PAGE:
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DETROIT — General Motors is asking a federal judge to reconsider his dismissal of a lawsuit against Fiat Chrysler based on new allegations that FCA bribed union and GM officials with millions stashed in secret foreign bank accounts.
GM alleges that bribes were paid to former United Auto Workers Vice President Joe Ashton and former union presidents Dennis Williams and Ron Gettelfinger. It also alleges that bribes were paid to Al Iacobelli, a former FCA labor negotiator who was later hired by GM.
The allegations were made in a court motion filed Aug. 3 by GM, which wants to revive the lawsuit that was dismissed in July.
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GM alleges that payments were made so the officials would saddle GM with more than $1 billion in additional labor costs.
GM’s motion alleges that payments were made to accounts in places like Switzerland, Luxembourg, Italy, Singapore and the Cayman Islands. The accounts were set up to avoid detection in a federal criminal probe of the union, according to the lawsuit.
Ashton, a former GM board member, is scheduled to be sentenced Aug. 18 in the federal corruption probe. Iacobelli is serving prison time. Williams’ California home was raided by federal agents but he has not been charged. Gettelfinger has not been named in federal documents. He could not immediately be reached for comment.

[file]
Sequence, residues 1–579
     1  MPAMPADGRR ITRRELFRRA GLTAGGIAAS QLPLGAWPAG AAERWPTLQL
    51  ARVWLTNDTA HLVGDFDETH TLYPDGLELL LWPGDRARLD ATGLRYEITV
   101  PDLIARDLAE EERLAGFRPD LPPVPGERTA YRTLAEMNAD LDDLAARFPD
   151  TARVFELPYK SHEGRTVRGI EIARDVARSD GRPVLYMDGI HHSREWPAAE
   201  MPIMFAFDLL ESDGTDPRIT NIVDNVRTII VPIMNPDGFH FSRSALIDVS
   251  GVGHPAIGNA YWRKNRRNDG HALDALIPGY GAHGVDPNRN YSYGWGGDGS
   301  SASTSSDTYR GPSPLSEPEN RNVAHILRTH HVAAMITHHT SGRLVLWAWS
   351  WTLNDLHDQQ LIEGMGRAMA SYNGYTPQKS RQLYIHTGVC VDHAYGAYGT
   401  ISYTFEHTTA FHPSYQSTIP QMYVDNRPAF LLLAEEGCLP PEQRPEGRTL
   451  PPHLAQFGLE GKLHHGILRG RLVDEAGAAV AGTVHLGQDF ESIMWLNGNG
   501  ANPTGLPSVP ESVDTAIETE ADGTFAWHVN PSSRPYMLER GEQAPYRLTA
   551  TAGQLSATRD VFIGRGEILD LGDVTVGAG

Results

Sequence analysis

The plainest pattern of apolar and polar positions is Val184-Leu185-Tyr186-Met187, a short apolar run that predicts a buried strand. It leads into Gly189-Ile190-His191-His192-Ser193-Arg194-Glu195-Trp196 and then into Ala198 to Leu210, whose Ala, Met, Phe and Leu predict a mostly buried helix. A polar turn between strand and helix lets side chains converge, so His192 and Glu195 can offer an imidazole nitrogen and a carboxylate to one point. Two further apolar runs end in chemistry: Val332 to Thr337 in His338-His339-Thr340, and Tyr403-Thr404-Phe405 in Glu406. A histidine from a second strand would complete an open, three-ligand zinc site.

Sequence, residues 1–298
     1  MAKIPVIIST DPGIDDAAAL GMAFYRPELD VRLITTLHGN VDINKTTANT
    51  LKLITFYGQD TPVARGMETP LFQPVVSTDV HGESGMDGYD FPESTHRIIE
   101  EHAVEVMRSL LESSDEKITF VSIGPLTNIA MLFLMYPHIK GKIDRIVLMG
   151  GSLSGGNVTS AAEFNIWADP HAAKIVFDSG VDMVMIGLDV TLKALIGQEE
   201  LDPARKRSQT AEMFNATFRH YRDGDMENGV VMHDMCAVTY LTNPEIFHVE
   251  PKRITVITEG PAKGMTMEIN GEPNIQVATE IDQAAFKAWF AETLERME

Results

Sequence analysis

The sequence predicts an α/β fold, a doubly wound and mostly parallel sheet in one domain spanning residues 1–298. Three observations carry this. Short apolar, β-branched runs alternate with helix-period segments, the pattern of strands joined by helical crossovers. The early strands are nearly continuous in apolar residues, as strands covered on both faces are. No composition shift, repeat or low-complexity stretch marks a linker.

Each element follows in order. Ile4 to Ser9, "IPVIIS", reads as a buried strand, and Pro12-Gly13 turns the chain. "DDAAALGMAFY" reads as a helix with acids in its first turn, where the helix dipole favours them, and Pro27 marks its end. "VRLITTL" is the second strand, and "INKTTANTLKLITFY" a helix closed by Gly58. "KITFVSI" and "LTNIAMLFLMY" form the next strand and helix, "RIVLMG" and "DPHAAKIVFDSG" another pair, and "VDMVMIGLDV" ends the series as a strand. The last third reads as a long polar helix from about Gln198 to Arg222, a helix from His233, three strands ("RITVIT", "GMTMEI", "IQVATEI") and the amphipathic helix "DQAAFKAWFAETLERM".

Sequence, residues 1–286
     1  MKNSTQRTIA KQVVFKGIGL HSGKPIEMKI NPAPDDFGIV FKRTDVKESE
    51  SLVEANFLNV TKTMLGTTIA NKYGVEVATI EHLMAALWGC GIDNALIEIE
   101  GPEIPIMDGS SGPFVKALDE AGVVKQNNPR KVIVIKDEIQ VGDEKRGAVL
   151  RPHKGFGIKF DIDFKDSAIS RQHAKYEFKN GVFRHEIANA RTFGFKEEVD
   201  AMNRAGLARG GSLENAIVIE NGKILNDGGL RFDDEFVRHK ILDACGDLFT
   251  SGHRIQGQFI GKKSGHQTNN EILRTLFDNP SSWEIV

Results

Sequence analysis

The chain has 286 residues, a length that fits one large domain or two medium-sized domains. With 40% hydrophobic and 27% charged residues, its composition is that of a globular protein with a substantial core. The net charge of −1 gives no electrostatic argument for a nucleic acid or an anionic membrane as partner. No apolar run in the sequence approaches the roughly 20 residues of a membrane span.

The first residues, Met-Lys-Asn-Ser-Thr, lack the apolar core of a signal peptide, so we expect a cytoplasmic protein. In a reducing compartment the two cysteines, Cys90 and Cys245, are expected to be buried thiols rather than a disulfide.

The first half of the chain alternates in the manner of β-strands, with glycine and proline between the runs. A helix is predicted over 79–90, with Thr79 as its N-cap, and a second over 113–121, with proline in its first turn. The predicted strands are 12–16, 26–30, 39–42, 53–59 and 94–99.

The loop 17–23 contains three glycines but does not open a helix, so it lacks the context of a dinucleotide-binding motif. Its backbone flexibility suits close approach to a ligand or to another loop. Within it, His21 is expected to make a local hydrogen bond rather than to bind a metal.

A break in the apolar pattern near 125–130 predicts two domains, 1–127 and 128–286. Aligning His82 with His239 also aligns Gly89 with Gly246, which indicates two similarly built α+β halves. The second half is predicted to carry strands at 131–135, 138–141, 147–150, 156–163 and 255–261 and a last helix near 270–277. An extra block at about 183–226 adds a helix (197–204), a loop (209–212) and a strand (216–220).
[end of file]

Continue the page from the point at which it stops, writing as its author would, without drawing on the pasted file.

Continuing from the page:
UAW spokesman Brian Rothenberg and Fiat Chrysler said they could not immediately comment.
In July, U.S. District Judge Paul Borman in Detroit tossed out GM’s lawsuit that alleged that Fiat Chrysler paid off union leaders to get better contract terms than GM.
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He wrote that GM’s alleged injuries were not caused by FCA violating federal racketeering laws, that GM had not stated a claim that could be granted, and that the people harmed by the bribery scheme were Fiat Chrysler workers.
In a 2019 lawsuit, GM alleged that Fiat Chrysler bribed officials of the United Auto Workers union to get lower labor costs, giving FCA an advantage over its Detroit-area rival. GM alleged that FCA CEO Sergio Marchionne wanted to pressure GM into merging by weakening GM with higher costs.
Borman wrote in his ruling that GM’s “pay to harm” theory initially had appeal “but fails on a closer look.”
GM alleged that FCA used bribes to get the UAW to deny GM concessions that were given to Fiat Chrysler. But Borman wrote that the UAW wouldn’t give the concessions to any company that didn’t pay bribes. Therefore, GM’s labor costs weren’t any higher than they would have been without the bribes.
GM says in its new motion that Borman should alter or amend his order allowing GM to amend its complaint to present the new allegations.
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